Ray Bradbury’s 1951 story The Pedestrian takes place in A.D. 2053, now only 35 years in the future. This short story moves at the speed of walking by foot. Bradbury’s slow pacing immerses the reader in the urban landscape. In the quiet night we can almost hear the river that used to run where there are only highways now.
When a police car stops the pedestrian, the meditative cadence of the story shifts suddenly. After a short exchange, the ominous reality becomes apparent. In Bradbury’s future, to be on foot is to be suspect.
The Latin phrase solvitur ambulando translates as, “it will be solved by walking.” Often when we are stuck in our writing–unsure how to create compassion for our unlikely hero or too close to our revisions to see them clearly–a walk can put us on the path to answering these questions. A good walk offers fresh air, deep breathing, and a change in perspective.
Take a walk this week. Be alert to the spark of inspiration, but don’t overthink. Let the walk solve the problem. We’d love to hear, in a sci-fi style poem, where your rambles take you!
And if your writing would benefit from a wider view and an outside perspective, Editor TLC may be of interest. It’s the chance to write in community with a prompt and thoughtful questions about building compassion. Then the loving editors here at Tweetspeak will give your work tender attention.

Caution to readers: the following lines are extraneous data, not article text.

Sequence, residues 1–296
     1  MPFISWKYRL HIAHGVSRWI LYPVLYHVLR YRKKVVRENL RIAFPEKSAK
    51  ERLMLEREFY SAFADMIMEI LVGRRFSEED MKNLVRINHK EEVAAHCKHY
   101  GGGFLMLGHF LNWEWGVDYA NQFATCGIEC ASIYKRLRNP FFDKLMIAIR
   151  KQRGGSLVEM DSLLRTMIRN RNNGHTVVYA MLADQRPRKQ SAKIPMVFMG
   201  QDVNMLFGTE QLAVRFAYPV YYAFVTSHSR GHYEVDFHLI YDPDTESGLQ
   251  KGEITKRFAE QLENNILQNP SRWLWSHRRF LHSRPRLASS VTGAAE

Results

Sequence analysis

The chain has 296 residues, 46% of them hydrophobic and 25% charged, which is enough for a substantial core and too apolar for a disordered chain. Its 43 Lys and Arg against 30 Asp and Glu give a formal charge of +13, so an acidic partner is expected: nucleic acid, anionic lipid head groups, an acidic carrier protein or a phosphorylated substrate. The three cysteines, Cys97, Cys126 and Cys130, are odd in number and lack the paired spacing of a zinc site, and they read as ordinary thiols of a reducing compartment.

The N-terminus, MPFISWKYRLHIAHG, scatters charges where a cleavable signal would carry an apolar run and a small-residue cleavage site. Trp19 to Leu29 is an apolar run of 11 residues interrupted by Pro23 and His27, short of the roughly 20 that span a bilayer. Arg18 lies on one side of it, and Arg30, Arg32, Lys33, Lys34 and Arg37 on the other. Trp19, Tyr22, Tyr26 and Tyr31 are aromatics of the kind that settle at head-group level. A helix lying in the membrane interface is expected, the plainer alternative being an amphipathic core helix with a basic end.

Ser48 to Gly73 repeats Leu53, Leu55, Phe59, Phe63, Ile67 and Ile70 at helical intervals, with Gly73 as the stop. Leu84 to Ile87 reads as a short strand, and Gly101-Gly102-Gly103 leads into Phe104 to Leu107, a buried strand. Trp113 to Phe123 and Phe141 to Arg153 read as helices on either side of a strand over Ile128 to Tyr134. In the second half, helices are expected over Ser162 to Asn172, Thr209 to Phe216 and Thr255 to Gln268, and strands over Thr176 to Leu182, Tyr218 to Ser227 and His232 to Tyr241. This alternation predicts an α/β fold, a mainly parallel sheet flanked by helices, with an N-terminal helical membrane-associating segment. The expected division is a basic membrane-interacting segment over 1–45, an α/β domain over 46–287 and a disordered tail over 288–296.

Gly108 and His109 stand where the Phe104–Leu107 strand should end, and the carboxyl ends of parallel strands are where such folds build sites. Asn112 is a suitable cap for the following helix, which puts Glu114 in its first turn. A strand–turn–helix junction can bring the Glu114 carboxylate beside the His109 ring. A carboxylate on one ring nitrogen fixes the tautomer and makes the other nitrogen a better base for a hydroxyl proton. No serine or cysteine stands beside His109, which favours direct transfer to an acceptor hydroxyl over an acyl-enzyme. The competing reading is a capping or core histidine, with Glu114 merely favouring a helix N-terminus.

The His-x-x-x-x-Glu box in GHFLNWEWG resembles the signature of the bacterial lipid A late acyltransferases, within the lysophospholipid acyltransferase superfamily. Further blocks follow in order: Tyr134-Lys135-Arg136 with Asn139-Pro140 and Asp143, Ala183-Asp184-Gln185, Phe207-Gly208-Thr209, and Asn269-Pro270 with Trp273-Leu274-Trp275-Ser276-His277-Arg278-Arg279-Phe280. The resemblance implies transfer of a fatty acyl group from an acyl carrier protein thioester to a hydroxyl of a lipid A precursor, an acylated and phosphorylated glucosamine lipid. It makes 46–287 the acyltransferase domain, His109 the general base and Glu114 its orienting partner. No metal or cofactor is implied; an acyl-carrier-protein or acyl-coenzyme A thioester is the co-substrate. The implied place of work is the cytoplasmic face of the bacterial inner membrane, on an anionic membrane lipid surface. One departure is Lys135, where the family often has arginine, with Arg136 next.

Our first meeting will be on June 19th at 8 pm Eastern. Come learn how you can join in this lively gathering!
Photo by David, Creative Commons, via Flickr. Post by Kortney Garrison.
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- Poetry Prompt: Fireworks, Sparkles & Speckles - July 2, 2018
- Writing Prompt: Science Fiction and Ecopoetry - June 25, 2018
- Poetry Prompt: Science Fiction with Ray Bradbury - June 18, 2018
Rick Maxson says
The Dissolution of the Familiar
Occasionally the beasts run by,
stopping to stare before the brambles,
their mouths carrion-full, their eyes bright.
The rivers sound in the caverns
underground, the xedofr cocks her head
and listens, her webbing spreads.
In distance the mountains show us
Nevers road, granite and snow
have turned to clouds, cut by wings.
It is said of rivers and mountains,
they were clear and green—a romance—
breathe in the tawny air that eats
the leaves behind your house,
walk midnight alone if you dare,
with its sounds, decay and leayer.
A branch falls and a world wilts with it.
Lichen shine green in blanching moonlight
making rounds on this reef of road.
A wild cry oozes through the darkness
like a sea wave smooths a rocky shore.
We are not alone. We have never been.
Kortney Garrison says
This piece feels utterly rooted to the known world, and yet completely foreign. I love that opening line–so mater of fact, so unsettling.